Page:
Be legal - the convoluted mess that is car registration in Australia

Be legal - the convoluted mess that is car registration in Australia

Australia is a land of extremes, of animals that want to kill you and nature that wants to hurt you and (despite there only being 25 million people in this wide, brown land), a convoluted mess of state-based registration authorities that will make you want to get intimate with some of those aforementioned deadly creatures. 

MCM is based in Sydney, the capital city of the state of New South Wales, which has a roads department called the Roads and Maritime Services (RMS) who control vehicle registrations. They now call it 'Service NSW', it changes names more often than some politicians change their underpants.

Unless you own a car under 5 years of age all NSW-registered cars have to pass an annual roadworthiness inspections (called Pink Slips).

Basically, you take your car to a nominated mechanic who then goes through a list of basic safety checklist to make sure you're not driving a complete dunger on our comprehensively overcrowded NSW roads (which are filled to the brim with drivers who couldn't drive a well-greased piece of timber into the cavity of a... well.. you get the picture). For vehicles new to NSW roads, like Marty's Super Turbo (which is freshly imported from Japan), a more serious roadworthy inspection is required, called a Blue Slip.

A Blue Slip records all the the key details of the car, which sets the base info the RMS uses to register the car. It ensures the car Marty is registering actually is a Super Turbo, records the engine number and VIN, number of seats, and ensures the car complies to all relevant Australian standards. Workshops can qualify for this and then you pay them to check over your car. The system works pretty well, and checks are made by auditors to make sure what goes through the workshops is actually legitimate. These are the same workshops that can clear defects!

CTP, Compulsory Third Party (also known as a Green Slip) is an insurance policy New South Wales requires all car owners to purchase before the RMS will process your registration. This covers you if a passenger, or other third party, is injured in a crash involving your car - thereby covering their medical bills, it's a 'everyone pays' system that ensures the public system has the money supplied by the insurance companies to help fix up anyone who has stacked it!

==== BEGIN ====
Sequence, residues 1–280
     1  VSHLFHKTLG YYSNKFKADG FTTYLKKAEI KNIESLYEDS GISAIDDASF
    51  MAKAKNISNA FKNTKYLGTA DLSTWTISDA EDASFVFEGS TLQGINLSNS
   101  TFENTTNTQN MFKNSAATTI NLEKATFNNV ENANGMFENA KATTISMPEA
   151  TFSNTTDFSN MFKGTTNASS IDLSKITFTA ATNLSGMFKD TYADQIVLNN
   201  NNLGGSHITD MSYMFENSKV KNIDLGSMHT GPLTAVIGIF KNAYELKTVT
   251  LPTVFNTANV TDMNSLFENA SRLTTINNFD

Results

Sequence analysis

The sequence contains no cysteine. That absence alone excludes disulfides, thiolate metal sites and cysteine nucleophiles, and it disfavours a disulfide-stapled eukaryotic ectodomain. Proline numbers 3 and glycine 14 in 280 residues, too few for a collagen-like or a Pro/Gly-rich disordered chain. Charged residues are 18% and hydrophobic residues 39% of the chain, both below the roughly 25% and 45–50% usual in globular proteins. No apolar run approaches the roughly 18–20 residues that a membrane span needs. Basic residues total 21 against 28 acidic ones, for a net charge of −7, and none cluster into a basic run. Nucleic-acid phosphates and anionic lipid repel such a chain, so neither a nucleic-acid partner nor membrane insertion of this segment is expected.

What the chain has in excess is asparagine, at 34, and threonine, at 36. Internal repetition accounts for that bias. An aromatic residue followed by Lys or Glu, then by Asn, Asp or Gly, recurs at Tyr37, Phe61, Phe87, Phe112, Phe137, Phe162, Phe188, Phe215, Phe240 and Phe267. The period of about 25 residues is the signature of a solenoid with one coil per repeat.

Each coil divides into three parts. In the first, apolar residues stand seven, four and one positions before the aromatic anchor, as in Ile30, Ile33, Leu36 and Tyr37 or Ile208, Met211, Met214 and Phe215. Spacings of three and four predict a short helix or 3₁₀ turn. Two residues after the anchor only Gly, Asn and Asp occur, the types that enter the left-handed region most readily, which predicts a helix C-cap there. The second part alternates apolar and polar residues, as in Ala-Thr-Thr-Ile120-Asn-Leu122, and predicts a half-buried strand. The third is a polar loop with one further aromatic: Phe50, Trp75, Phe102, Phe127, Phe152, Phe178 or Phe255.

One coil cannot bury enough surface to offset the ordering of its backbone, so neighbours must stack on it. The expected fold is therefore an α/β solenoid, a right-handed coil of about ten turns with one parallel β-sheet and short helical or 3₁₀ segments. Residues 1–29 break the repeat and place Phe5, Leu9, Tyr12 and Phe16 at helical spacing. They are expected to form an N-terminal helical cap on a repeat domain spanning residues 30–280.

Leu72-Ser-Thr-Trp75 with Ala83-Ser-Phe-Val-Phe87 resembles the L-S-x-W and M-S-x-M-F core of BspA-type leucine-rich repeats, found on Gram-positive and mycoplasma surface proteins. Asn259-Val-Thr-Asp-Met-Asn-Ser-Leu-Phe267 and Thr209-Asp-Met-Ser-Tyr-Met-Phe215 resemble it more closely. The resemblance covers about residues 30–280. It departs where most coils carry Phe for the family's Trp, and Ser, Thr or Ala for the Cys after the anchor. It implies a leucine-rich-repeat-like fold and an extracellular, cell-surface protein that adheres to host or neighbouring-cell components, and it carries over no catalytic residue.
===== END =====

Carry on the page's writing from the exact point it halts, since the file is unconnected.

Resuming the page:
While you can re-register cars online now, if you have a car needing a Blue Slip then you must visit The Halls of the Cursed, otherwise known as Service NSW... which I'm sure our American friends know the feeling of with their DMV offices. While the experience of visitng Service NSW is painful, it is many millions of times better than the previous bureaucratic hellhole known as the Roads and Traffic Authority, a cursed black hole for time. In recent years, it's improved, like the message finally made it's way up the chain, or more likely, someone who worked there actually tried to rego their car and failed after waiting 4 hours to do so.

Registration fees are calculated on a scale of a vehicle's age and weight, with big old cars charged more than tiny new cars. Cars in the city and metro areas are also more expensive to register (thanks to their CTP cost), and commercial vehicles in metro areas owned by under-25s are more expensive than a scale replica of the moon made out of high-grade diamonds. An average car in Sydney will typically cost approximately $1500 per-year to register.

So all our driving around in the Superturbo was to get a weigh bridge slip. This is required on cars that aren't already in the database (like imports!) and has to be an official part of the engineering paperwork that is also required on a freshly imported car like this one. Engineering is one step further than the aforementioned blue slip and is a deep dive into checking that the car passes all the required Australian Design Rules. If it does, it can then be registered and driven on Australian Roads, which all going well our Superturbo soon will be!

In order to complete some of these steps we had to get ourselves and Unregistered Vehicle Permit, which is a temporary slip that allows you to drive from point A to point B, with temporary insurance cover. Doing a trip like that without pre approval can get you fined close to a thousand bucks or more!

Check out the video of us heading to the weigh bridge here:



  • Ondrej

    Not sure about other countries in the post-communist era bracket, but bureaucracy in Slovakia can shake hands with NSW authorities. For a few years now we’ve had registration tax based not on any relevant data like CO2 emissions or whatever, but power.

    Cars under 80 kW only cost 66 EUR for registration plus a mandatory insurance (as low as 100 EUR), than a MOT-style check after 4 years and then every 2 years after that. Doesn’t cost much, but whatever over 80 kW is taxed. e.g. 257kW Focus RS is in the highest category meaning a 3900 EUR registration tax. As a paradox, the insurance is mostly displacement-based so being a 2.3 it would only a couple hundred EUR to insure (mandatory insurance only, but it would be road-worthy).

    Old cars are are a bit better, the tax is only payed out using a coefficient based on how old they are. For 16 years old and older, the coefficient is only 0.06. They obviously have to pass the MOT-style check and comply with our rules, but if a car is brought over from mainland Europe, it’s usually quite cheap and easy to make it roadworthy. Mind you, not from Japan or UK, as we drive on the right.

  • Matt

    It sounds like (?) the “green slip” is the minimum basic insurance required on the car, which is built into that $1500 per year cost? Is that normally considered part of Registration?